Initiatives targeted at the entrepreneurial ecosystem include pre-accelerator programs Heuristika (from the University Francisco Marroquin) and Multiverse, incubator hub Tec Guatemala headquartered in Guatemala City, and two Selina locations that are part of a global network aimed at digital nomads.


Spanish is the most widely spoken, but 23 other languages are officially recognized, nearly all of them of Mayan origin and spoken by about 40% of the people as a first language. Locals speak and understand limited English outside the main centers, such as the capital Guatemala City, and the former colonialist capital Antigua, a popular tourist destination. More proficient English is spoken in the business sector.

Learn about Guatemala's growing economy
Economic Outlook

Guatemala is the largest economy in Central America and had one of the smallest contractions in the Latin America and Caribbean region during the pandemic. FocusEconomics forecasts accelerated growth in 2024, owing in part to a gradual economic recovery in the US, the country’s biggest export market. Record high remittances have also boosted private consumption. 

The country’s over-dependence on remittances causes it own problems, with high emigration driven by persistent poverty and inequality rates, gaps in access to basic services, limited employment, and extreme weather events that have destroyed infrastructure and reduced agricultural output. However, the World Bank believes Guatemala has “enormous potential” to generate growth and prosperity. Rich in natural resources and biodiversity, its proximity to the US provides significant tourism and nearshoring opportunities.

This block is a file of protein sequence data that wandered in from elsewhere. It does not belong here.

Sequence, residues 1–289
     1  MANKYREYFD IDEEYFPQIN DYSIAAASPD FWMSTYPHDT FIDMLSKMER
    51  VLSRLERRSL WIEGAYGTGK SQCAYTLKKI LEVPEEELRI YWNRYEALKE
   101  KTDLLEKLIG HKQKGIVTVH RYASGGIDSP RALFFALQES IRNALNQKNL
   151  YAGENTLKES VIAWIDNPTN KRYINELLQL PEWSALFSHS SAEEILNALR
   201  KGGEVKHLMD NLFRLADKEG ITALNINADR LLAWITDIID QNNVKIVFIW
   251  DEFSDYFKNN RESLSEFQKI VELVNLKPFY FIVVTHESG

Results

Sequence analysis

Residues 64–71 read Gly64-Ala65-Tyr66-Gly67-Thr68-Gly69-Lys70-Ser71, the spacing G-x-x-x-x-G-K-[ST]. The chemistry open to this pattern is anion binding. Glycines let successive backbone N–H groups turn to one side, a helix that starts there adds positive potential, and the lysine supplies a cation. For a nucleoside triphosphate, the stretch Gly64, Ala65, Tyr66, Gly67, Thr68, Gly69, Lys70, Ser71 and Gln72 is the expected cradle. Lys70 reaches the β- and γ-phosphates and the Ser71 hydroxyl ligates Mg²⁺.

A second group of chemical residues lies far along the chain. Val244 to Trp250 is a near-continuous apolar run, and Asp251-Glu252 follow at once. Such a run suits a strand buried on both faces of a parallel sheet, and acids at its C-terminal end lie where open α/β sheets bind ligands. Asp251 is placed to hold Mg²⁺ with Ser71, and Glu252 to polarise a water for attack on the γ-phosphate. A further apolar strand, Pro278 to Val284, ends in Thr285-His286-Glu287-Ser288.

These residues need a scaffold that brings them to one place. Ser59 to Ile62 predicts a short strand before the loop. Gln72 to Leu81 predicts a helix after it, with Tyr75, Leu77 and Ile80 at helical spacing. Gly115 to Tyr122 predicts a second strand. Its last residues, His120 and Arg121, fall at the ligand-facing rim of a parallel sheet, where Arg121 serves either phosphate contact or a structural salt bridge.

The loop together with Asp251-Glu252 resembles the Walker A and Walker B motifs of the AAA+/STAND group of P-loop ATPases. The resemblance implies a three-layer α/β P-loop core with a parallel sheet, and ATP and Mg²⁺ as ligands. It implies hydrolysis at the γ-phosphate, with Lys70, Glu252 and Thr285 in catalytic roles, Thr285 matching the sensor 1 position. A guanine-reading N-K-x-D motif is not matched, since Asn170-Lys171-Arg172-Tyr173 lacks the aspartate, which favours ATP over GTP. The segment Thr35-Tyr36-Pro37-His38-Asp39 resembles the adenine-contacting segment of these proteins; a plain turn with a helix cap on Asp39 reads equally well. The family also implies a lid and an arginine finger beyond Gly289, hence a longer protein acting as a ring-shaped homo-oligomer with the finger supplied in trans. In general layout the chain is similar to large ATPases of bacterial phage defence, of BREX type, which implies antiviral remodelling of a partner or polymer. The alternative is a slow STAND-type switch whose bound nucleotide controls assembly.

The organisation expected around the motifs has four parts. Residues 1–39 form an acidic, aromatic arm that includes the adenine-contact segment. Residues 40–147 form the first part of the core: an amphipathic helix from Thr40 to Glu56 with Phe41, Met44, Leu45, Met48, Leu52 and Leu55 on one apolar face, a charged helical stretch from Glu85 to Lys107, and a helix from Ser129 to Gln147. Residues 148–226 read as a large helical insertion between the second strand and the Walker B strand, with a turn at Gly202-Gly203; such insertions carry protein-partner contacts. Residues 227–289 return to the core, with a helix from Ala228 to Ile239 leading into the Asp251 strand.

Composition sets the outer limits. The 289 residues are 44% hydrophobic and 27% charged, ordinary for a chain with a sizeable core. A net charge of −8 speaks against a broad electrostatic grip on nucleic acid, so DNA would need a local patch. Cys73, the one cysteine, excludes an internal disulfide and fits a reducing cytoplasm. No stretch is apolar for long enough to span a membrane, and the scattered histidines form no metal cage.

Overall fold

The private sector has expressed interest in collaborating with incoming president Bernardo Arévalo “new vision for development” based on strong social and economic investment. After his election victory in early 2024, Arévalo traveled to the US to meet business leaders with the Partnership for Central America (PCA), to explore areas for collaboration aimed at promoting inclusive economic growth in Guatemala, which could help curb migration.

Political Conditions

Supporters of the pro-democracy movement flocked to the capital Guatemala City in January 2024 to celebrate Bernardo Arevalo taking office as the country’s new president. The son of former president Juan Jose Arevalo, who ushered in progressive reforms in the late 1940s, ran on an anti-corruption platform that drew widespread support, with a focus on strong social and economic investment.

Despite his landslide election win, the country’s long-ruling elite and a conservative-leaning Congress had blocked a transfer of power to Arevalo. The United States, the European Union, and the Organization of American States had issued messages of support, calling for him to be sworn in. “Arevalo represents a new spring for the country,” a local resident told Al Jazeera. “We need this to happen right now.” 

Arevalo’s Seed Movement party, which arose from widespread anti-corruption protests in 2015, also won the presidency of a divided Congress, giving it influence in shaping the body’s agenda. In a speech after taking office, the 65-year-old diplomat-turned-politician pledged to expand Guatemalans’ access to healthcare and education, citing climate changes that are intensifying drought-flood cycles as the country’s most critical and urgent challenge. He also acknowledged the “historic debt” that Guatemala owes to its Indigenous peoples.